Aquaculture America 2023

February 23 - 26, 2023

New Orleans, Louisiana USA


Jonathan C. Kershaw*, Jill C. Fisk, Natalie C. Nieschwitz, Tara L. Hites, Leo J. Fleckenstein, Nathan A. Kring, Andrew J. Ray

Department of Public and Allied Health, Bowling Green State University

Bowling Green, OH 43402 USA


Inland brackish-water recirculating aquaculture systems (RAS) must reuse water as much as possible due to challenges such as saline effluent discharge and inhibitory salt costs. Brackish water aquaponics systems using kale have been shown to reduce nitrate and phosphate that build up over time in RAS. Kale is marketable, but marketability of kale grown in saltwater is unknown. This trial analyzed sensory characteristics and preferences using a panel of volunteers who tasted Winterbor F1 kale grown in a range of salinities (0, 5, 10, 15 and 20 ppt salinity) in decoupled brackish water aquaponics systems containing reused shrimp culture water.

Participants (n=112) were presented with five raw kale samples (one from each salinity) and instructed to taste them in a counter-balanced order and rate their overall liking, taste liking, texture liking, and aftertaste liking on a 9-point hedonic scale anchored by “dislike extremely” and “like extremely”. Participants then rated their perceived intensity of basic tastes (sweet, salty, bitter) using a 0-100 line scale anchored by “not at all” and “extremely”. Following the sample evaluation, participants were presented with a brief description about aquaponics and asked whether this influenced their opinion and willingness-to-pay. Differences in liking and intensity were assessed using one-way ANOVA followed by Tukey’s post-hoc comparisons.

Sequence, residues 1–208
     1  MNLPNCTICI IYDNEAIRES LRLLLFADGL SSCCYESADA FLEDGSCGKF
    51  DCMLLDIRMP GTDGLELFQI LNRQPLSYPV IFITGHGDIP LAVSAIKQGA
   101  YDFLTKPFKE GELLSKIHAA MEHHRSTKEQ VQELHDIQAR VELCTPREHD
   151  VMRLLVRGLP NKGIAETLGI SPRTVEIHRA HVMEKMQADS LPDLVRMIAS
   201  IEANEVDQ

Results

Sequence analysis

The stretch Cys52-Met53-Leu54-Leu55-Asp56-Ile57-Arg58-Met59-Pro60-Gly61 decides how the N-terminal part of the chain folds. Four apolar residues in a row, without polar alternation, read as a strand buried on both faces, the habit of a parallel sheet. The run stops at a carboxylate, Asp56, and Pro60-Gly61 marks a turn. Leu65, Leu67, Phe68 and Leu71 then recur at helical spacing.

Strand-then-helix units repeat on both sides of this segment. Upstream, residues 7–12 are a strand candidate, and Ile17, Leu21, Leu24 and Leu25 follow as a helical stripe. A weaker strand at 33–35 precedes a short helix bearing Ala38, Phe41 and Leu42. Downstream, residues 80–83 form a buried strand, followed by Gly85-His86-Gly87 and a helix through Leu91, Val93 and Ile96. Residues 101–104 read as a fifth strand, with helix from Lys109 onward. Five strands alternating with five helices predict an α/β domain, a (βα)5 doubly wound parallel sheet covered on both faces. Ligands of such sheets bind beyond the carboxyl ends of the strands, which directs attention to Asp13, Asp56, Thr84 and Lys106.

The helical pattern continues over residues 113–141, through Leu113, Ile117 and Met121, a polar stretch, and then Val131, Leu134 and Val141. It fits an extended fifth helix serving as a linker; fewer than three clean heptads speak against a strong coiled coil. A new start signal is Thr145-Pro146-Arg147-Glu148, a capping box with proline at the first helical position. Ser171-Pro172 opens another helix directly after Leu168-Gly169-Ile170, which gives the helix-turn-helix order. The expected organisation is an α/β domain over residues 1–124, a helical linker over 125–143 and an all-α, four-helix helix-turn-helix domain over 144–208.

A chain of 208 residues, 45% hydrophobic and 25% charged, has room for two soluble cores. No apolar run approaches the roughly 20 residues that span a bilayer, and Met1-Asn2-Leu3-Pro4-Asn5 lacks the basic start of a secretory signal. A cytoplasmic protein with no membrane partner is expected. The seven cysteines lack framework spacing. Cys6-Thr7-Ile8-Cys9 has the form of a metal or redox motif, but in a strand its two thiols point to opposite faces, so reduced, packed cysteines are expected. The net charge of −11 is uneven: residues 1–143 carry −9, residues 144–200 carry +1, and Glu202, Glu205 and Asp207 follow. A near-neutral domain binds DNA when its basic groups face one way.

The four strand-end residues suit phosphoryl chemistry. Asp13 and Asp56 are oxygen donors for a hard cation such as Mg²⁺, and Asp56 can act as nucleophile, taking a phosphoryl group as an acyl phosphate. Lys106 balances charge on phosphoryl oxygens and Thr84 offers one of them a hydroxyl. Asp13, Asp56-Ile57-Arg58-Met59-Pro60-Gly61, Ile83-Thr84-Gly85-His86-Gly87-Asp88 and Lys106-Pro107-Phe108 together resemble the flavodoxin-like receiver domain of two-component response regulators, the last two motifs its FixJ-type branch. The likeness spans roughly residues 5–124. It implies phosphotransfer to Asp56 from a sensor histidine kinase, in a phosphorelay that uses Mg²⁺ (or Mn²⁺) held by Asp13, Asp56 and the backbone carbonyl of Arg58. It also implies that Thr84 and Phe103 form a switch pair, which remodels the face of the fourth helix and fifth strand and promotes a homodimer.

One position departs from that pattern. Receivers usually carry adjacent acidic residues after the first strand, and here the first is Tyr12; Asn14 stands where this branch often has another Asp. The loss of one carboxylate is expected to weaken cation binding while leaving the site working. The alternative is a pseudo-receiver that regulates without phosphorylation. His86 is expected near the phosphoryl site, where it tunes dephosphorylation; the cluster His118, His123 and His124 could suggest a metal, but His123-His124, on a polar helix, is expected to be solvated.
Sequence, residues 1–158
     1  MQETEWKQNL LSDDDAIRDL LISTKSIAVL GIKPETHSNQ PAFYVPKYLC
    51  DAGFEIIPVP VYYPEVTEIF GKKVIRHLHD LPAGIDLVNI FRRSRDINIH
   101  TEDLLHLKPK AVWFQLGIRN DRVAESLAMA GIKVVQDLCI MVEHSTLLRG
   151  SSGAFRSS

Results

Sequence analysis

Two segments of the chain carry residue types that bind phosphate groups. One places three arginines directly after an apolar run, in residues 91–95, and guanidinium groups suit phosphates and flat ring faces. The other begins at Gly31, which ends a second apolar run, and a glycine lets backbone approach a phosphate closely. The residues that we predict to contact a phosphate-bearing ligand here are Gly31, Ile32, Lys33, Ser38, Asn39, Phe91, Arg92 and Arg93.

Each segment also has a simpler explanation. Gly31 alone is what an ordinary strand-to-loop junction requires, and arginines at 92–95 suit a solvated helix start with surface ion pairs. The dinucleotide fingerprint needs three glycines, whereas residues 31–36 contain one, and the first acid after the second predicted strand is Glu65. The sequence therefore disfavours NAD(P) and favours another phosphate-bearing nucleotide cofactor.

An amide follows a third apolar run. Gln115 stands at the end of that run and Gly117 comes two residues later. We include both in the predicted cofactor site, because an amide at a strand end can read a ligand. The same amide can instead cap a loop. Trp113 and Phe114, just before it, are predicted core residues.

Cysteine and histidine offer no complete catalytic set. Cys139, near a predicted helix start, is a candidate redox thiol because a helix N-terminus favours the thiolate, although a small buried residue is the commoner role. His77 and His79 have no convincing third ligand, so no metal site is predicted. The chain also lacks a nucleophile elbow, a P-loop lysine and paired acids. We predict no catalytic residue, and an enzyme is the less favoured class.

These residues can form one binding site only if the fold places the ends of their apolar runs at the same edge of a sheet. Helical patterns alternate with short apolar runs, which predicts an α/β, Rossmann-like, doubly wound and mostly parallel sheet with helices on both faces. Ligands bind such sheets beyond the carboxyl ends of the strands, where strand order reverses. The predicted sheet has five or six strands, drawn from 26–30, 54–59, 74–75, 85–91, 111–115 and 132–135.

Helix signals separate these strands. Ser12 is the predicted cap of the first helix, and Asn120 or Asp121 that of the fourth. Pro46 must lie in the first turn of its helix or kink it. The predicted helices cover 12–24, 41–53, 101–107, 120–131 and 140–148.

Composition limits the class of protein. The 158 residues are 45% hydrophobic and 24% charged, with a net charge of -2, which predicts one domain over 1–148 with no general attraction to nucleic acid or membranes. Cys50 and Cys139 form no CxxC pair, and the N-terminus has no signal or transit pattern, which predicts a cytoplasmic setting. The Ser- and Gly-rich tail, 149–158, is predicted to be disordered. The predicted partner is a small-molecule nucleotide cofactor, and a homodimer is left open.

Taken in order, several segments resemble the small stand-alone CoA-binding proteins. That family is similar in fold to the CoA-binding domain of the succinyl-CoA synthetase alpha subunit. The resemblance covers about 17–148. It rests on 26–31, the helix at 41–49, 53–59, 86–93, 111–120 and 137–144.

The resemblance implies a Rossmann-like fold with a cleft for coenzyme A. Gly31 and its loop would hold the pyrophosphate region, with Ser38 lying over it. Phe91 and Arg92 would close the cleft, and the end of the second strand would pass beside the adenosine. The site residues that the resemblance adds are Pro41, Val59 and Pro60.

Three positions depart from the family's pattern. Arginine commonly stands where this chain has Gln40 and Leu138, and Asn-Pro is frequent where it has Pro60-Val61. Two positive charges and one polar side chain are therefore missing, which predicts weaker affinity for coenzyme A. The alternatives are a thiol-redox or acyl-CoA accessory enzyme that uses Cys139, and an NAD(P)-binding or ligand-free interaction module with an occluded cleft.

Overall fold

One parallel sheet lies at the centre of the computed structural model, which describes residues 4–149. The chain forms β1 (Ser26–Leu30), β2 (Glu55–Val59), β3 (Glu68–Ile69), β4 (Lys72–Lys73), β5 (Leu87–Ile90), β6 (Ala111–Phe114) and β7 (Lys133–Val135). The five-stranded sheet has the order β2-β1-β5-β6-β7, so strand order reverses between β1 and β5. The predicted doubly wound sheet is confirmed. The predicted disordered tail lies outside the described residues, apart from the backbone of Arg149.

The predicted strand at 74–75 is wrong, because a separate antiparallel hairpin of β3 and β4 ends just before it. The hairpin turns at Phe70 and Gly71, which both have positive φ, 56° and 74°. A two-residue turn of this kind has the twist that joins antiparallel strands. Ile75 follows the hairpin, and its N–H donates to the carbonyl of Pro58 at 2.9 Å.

The 5 ppt kale was significantly more liked (overall liking, taste liking, and texture liking) than then 0 ppt kale. Focusing only on taste liking, the 5 ppt was also liked significantly more than both the 15 ppt and 20 ppt samples. No sample was liked less than the 0 ppt control. However, a closer examination of liking ratings revealed a bimodal distribution of the 20 ppt but not 5 ppt samples; in other words, participants were either “likers” or “dislikers” of the 20 ppt sample and very few provided a neutral rating. Aftertaste liking of kale samples grown in any salt concentration was significantly higher than the control 0 ppt sample. Saltiness intensity ratings increased in a dose-response manner, with the 10 ppt, 15 ppt, and 20 ppt samples all rated as significantly saltier than both the 0 ppt and 5 ppt samples. The 5 ppt sample was rated as significantly less bitter than the 0 ppt sample. Together, the saltiness, bitterness, aftertaste, and liking ratings suggest that a low level of saltiness in the kale samples masked the bitter kale flavor, which softened the aftertaste and improved taste liking. Information about aquaponics growing conditions resulted in an average willingness-to-pay of $2.06 per bunch, a 38% increase above the reference price of $1.49. Overall, this study demonstrates that kale grown in brackish-water aquaponics is likely to be accepted by the consumer.